The midwifery profession in Ethiopia is growing size and quality of service yet continues to face significant challenges, reports a new landmark publication entitled The State of Ethiopia’s Midwifery. The study, launched by the Ethiopian Midwives Association at its annual International Day of Midwives Conference held in Addis Ababa on 17 May 2013, is the first comprehensive account of the availability, distribution, education levels, challenges and opportunities of Ethiopian midwives and midwifery students.
The study showed that the number of trained midwives in Ethiopia increased from 1,275 in 2008 to 4,725 in 2012 and that there are more female (3,662) midwives than male (1,063), with more male midwives holding bachelor degrees than female midwives who tend to be trained at diploma level. The study further revealed that during the 2012 academic year there were 7,767 midwifery students. 70% of those surveyed were satisfied with the type of work they were doing, citing client relationships as being particularly rewarding.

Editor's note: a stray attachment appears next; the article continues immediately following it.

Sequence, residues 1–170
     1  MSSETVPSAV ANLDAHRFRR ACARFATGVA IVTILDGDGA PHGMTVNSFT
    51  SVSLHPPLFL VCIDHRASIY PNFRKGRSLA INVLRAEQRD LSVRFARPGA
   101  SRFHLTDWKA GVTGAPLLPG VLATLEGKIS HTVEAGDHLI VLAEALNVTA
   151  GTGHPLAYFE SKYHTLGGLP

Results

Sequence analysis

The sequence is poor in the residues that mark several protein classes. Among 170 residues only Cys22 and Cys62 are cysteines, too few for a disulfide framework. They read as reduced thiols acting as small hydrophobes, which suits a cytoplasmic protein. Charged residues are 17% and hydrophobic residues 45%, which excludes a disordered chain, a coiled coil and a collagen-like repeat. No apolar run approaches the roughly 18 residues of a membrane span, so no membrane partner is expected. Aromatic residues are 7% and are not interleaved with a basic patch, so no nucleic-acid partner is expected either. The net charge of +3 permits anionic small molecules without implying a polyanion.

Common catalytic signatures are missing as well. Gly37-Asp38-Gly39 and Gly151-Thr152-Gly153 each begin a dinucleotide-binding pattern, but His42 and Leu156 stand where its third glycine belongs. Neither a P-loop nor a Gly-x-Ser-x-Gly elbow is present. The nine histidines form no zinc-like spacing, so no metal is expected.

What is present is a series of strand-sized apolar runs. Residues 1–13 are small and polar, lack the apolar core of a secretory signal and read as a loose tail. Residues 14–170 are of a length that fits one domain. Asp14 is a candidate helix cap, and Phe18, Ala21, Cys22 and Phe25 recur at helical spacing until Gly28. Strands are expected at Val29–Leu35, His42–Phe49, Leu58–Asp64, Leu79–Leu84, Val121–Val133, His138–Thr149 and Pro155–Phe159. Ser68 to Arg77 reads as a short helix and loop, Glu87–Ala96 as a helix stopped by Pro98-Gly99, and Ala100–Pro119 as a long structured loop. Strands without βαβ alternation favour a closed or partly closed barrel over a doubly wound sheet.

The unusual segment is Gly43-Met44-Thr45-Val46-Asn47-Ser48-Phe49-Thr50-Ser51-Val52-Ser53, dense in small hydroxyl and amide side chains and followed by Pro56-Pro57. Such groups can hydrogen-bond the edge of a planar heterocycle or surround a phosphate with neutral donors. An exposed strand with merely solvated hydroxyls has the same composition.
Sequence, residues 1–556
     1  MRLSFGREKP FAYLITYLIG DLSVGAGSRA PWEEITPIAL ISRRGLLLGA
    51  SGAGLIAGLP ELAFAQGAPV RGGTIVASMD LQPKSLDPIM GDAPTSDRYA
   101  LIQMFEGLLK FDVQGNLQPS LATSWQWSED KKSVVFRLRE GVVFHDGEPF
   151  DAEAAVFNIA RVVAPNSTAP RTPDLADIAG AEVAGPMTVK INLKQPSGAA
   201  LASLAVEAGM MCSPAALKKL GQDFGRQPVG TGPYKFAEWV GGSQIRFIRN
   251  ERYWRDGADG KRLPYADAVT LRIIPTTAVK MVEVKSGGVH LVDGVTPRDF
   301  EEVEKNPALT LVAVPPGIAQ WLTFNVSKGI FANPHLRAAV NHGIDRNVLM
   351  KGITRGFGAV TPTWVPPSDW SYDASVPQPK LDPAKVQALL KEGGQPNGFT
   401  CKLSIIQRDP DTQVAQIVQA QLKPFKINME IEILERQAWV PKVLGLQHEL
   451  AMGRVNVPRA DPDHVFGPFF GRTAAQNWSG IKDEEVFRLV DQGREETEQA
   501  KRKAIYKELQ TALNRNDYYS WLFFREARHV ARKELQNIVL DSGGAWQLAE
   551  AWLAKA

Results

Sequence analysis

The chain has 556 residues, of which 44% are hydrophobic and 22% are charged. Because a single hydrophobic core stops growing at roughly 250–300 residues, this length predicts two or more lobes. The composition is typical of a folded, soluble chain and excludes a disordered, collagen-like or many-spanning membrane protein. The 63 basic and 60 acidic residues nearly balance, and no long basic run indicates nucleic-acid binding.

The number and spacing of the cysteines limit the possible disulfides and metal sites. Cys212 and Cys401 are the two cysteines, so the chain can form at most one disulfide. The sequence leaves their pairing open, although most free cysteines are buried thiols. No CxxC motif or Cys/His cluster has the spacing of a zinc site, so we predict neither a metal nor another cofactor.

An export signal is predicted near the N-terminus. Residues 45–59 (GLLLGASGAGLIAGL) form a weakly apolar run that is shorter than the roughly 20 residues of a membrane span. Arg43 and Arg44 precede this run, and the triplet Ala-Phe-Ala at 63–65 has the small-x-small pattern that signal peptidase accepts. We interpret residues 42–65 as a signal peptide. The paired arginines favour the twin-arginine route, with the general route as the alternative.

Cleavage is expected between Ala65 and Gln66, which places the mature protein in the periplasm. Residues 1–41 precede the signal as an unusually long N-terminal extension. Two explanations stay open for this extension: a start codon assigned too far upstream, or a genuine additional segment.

The study was launched during the International Day of Midwives Conferencem which also witnessed presentations on the role of midwives in family planning and the importance of professional ethics in midwifery, as well as original research findings on a variety of maternal, newborn and child health topics.
About the Ethiopian Midwives Association:
It was established in 1992, works in partnership with the Ethiopian Ministry of Health, UN agencies and donor organizations to reduce maternal and child mortality by improving the quality of reproductive health services at a grass roots level. It is a key participant in Ethiopia’s commitment to improve health outcomes under Millennium Development Goals 4 and 5.